The iconic Australian Genyornis newtoni (Dromornithidae, Aves) is the sole Pleistocene member of an avian clade now hypothesized to be alternatively in Anseriformes or the sister group of crown Galloanseres. A distinctive type of fossil eggshell commonly found in eroding sand dunes, has been referred to Genyornis newtoni since the 1980s. The 126 by 97 mm Spooner Egg, dated at 54.7 ± 3.1 ka by optical dating of its enclosing sediments, is a complete specimen of this eggshell type that was reconstructed from fragments of a broken egg. We show that the size of the eggs from which this ‘Genyornis’ eggshell derives, either as predicted from measurements of fragments, or as indicated by the Spooner Egg, is unexpectedly small given the size of G. newtoni, which has an estimated mass of 275 kg, or about seven times the mass of the emu that has a similar sized egg. We compared the microstructure of the putative Genyornis eggshell to that of other dromornithids and a range of galloanseriform taxa using several microcharacterisation techniques. The ‘Genyornis’ eggshell displays a mosaic of oological characters that do not unambiguously support referral to any known modern bird. Its shell structure, coupled with chemical compounds in the accessory layer, makes it unlikely to have been laid by a dromornithid, whereas several characters support a megapode origin. A potential candidate for the bird that laid the putative ‘Genyornis’ eggs in the Pleistocene fossil avifaunal record has been ignored: Progura, a genus of extinct giant megapodes, whose species were widespread in Australia. Regression of egg size of megapodes and body mass shows that the Spooner Egg approximates the expected size for eggs laid by species of Progura. We advance the suggestion that the fossil eggshell hitherto referred to Genyornis newtoni, is more likely to have been laid by species of the giant extinct Progura. As megapodes, the species of Progura were obligate ectothermic incubators, which we suggest laid their eggs into a hole dug in sand like the modern megapode Macrocephalon maleo, thus explaining the abundant ‘Genyornis’ eggshell in sand dunes. Referral of this eggshell to Progura means that the fossil record of Genyornis newtoni is limited to bones and the timing of the extinction of this last dromornithid is unknown. In addition, structural similarities of eggshell in megapodes, the putative Genyornis eggshell and dromornithids, raise the possibility that these taxa are phylogenetically more closely related to each other than any is to anseriforms. Specifically, this means that dromornithids might be a sister group to galliforms rather than to or within anseriforms.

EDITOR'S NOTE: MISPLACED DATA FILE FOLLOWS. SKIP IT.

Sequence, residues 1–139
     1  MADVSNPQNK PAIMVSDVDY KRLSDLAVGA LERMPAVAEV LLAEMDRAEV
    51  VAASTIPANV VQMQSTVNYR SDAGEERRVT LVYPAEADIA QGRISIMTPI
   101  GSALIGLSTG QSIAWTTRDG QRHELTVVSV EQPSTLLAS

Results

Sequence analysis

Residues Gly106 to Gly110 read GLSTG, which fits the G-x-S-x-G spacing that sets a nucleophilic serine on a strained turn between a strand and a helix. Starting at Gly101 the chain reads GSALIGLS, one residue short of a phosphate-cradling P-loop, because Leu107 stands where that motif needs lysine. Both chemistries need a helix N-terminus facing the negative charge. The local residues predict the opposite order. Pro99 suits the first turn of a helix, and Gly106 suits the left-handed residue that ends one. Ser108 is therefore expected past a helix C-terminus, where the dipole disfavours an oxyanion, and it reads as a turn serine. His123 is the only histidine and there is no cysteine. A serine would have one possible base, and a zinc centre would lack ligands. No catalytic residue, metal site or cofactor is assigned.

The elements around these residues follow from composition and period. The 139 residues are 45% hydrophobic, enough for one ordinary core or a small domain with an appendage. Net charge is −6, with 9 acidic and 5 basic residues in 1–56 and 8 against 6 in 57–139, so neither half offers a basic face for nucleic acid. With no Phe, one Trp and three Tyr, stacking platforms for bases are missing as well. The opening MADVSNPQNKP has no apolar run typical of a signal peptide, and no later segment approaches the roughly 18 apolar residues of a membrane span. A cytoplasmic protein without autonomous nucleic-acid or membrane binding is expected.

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    Miocene fossils show that kiwi (Apteryx, Apterygidae) are probably not phyletic dwarves
    (Verlag Naturhistorisches Museum Wien, 2013) Worthy, Trevor; Worthy, Jennifer P; Tennyson, Alan J D; Salisbury, Steven W; Hand, Suzanne J; Scofield, R Paul